12 Reasons To Legalized Drugs Essay Research

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12 Reasons To Legalized Drugs Essay, Research Paper Twelve Reasons To Legalize DrugsThere are no panaceas in the world but, for social afflictions, legalizing drugs comespossibly as close as any single policy could. Removing legal penalties from the production,sale and use of “controlled substances” would alleviate at least a dozen of our biggestsocial or political problems. With proposals for legalization finally in the public eye, there might be a use for somesort of catalog listing the benefits of legalization. For advocates, it is an inventory offacts and arguments. For opponents, it is a record of the problems they might be helping toperpetuate. The list is intended both as a resource for those wishing to participate in the legalizationdebate and as a starting point

for those wishing to get deeper into it. Are we ready to stop wringing our hands and start solving problems? 1.Legalizing drugs would make our streets and homes safer. As Jeffrey Rogers Hummel notes (”Heroin: The Shocking Story,” April 1988), estimates vary widely for the proportion of violent and property crime related to drugs. Forty percent is a midpoint figure. In an October 1987 survey by Wharton Econometrics for the U.S. Customs Service, the 739 police chiefs responding “blamed drugs for a fifth of the murders and rapes, a quarter car thefts, two-fifths of robberies and assaults and half the nation’s burglaries and thefts.” The theoretical and statistical links between drugs and crime are well established. In a 2 1/2-year study of Detroit crime, Lester P.

Silverman, former associate director of the National Academy of Sciences’ Assembly of Behavior and Social Sciences, found that a 10 percent increase in the price of heroin alone “produced an increase of 3.1 percent total property crimes in poor nonwhite neighborhoods.” Armed robbery jumped 6.4 percent and simple assault by 5.6 percent throughout the city. The reasons are not difficult to understand. When law enforcement restricts the supply of drugs, the price of drugs rises. In 1984, a kilogram of cocaine worth $4000 in Colombia sold at wholesale for $30,000, and at retail in the United States for some $300,000. At the time a Drug Enforcement Administration spokesman noted, matter-of-factly, that the wholesale price doubled in six months “due to crackdowns on producers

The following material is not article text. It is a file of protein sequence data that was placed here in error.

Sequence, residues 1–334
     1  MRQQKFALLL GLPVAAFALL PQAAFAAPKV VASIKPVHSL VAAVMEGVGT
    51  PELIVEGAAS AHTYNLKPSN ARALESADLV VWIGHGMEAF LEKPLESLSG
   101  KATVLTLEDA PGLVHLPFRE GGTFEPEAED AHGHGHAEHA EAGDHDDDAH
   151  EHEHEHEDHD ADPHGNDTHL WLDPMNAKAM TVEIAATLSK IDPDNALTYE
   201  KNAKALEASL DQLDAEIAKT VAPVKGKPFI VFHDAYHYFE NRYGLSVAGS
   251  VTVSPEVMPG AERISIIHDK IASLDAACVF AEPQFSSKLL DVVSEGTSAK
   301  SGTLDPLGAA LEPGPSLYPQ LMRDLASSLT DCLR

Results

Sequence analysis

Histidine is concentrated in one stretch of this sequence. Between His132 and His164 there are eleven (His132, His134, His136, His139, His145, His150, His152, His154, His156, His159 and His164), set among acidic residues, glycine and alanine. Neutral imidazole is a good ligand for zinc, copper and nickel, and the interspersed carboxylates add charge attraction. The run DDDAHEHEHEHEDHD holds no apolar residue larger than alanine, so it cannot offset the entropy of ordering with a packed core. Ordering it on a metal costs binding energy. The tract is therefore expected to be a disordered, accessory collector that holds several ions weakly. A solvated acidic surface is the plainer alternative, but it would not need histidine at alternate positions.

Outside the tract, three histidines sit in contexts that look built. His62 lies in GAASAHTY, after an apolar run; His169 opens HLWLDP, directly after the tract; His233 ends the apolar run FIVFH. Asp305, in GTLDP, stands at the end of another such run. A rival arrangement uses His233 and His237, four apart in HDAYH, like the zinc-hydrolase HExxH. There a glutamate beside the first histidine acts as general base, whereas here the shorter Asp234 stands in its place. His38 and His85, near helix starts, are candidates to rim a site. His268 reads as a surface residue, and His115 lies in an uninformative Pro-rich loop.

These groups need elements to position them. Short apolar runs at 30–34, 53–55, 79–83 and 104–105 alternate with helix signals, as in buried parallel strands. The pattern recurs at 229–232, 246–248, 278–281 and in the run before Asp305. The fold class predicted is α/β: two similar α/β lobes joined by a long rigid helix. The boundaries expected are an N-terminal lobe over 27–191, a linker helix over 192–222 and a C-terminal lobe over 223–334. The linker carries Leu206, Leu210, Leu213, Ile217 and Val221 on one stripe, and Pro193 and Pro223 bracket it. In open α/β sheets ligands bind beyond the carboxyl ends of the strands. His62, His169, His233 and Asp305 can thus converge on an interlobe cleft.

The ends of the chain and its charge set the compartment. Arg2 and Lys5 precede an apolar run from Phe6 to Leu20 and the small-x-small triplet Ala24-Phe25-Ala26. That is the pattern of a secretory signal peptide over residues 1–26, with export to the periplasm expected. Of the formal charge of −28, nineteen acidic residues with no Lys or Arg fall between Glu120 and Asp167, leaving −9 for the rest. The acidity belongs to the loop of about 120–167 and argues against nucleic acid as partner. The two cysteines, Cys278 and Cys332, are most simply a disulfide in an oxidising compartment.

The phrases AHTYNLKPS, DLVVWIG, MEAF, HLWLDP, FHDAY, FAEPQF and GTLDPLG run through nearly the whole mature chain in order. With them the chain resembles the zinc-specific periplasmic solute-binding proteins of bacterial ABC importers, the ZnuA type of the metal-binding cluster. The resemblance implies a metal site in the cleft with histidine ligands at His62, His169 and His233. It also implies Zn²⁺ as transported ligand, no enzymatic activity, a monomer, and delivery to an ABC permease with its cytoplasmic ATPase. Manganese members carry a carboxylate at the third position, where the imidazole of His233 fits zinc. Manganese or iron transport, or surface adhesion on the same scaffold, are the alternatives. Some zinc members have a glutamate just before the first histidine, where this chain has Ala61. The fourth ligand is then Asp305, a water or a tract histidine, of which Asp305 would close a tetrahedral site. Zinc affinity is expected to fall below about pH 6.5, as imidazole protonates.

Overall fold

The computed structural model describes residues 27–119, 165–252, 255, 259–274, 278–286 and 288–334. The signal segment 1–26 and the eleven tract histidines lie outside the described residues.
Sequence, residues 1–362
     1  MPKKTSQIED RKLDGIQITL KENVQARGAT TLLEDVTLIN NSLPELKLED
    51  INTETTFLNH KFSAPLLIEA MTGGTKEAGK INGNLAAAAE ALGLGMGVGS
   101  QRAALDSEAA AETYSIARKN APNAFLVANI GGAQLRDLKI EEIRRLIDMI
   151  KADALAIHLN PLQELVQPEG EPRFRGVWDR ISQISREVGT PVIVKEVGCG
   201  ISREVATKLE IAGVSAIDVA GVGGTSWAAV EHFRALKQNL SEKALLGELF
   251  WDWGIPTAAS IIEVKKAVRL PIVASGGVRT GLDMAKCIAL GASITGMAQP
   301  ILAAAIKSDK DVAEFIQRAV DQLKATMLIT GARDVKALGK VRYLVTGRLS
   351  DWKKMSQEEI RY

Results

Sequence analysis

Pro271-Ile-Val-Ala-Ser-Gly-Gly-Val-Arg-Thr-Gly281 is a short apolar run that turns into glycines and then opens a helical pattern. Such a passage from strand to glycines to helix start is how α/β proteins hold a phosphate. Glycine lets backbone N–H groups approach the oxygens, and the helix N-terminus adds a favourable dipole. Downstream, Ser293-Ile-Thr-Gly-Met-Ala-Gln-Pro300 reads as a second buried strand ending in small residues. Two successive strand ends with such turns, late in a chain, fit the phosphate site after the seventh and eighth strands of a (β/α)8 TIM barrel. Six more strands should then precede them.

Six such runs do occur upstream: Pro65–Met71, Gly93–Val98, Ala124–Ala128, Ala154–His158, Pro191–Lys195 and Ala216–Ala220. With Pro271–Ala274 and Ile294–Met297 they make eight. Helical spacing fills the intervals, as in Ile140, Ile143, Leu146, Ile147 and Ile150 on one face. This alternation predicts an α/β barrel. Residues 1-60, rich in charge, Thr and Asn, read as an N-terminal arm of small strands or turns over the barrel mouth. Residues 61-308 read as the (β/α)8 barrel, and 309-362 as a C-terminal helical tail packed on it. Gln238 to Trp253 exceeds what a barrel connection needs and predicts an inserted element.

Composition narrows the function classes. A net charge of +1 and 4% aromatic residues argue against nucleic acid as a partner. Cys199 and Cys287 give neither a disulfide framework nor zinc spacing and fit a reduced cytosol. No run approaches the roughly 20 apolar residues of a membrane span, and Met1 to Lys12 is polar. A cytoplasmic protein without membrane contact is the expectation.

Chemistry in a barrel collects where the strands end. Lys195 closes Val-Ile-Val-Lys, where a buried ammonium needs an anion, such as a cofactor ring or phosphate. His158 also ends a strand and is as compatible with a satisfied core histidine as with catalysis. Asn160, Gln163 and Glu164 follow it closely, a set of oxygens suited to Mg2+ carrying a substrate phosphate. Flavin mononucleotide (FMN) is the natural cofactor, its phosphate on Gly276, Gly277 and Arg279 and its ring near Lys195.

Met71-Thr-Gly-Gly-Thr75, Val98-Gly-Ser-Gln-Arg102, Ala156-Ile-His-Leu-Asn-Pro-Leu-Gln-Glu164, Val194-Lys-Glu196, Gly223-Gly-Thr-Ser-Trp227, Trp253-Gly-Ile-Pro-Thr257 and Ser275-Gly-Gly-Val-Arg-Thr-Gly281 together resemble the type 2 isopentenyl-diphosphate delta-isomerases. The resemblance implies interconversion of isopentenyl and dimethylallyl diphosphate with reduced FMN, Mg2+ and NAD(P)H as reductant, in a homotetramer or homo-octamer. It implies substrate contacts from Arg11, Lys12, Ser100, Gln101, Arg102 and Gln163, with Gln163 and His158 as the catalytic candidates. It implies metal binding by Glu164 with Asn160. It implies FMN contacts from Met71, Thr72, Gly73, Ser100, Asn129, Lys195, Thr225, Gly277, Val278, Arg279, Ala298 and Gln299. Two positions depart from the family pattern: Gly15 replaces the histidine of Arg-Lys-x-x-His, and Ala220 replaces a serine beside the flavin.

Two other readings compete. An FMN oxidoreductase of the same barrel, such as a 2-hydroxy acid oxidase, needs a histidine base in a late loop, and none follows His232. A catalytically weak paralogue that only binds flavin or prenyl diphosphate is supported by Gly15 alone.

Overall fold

and smugglers in Columbia and the U.S.” There are no statistics indicating the additional number of people killed or mugged thanks to the DEA’s crackdown on cocaine. For heroin the factory-to-retail price differential is even greater. According to U.S. News & World report, in 1985 a gram of pure heroin in Pakistan cost $5.07, but it sold for $2425 on the street in America–nearly a five-hundredfold jump. The unhappy consequence is that crime also rises, for at least four reasons: Addicts must shell out hundreds of times the cost of goods, so they often must turn to crime to finance their habits. The higher the price goes, the more they need to steal to buy the same amount. At the same time, those who deal or purchase the stuff find themselves carrying extremely valuable

goods, and become attractive targets for assault. Police officers and others suspected of being informants for law enforcement quickly become targets for reprisals. The streets become literally a battleground for “turf” among competing dealers, as control over a particular block or intersection can net thousands of additional drug dollars per day. Conversely, if and when drugs are legalized, their price will collapse and so will the sundry drug-related motivations to commit crime. Consumers will no longer need to steal to support their habits. A packet of cocaine will be as tempting to grab from its owner as a pack of cigarettes is today. And drug dealers will be pushed out of the retail market by known retailers. When was the last time we saw employees of Rite Aid pharmacies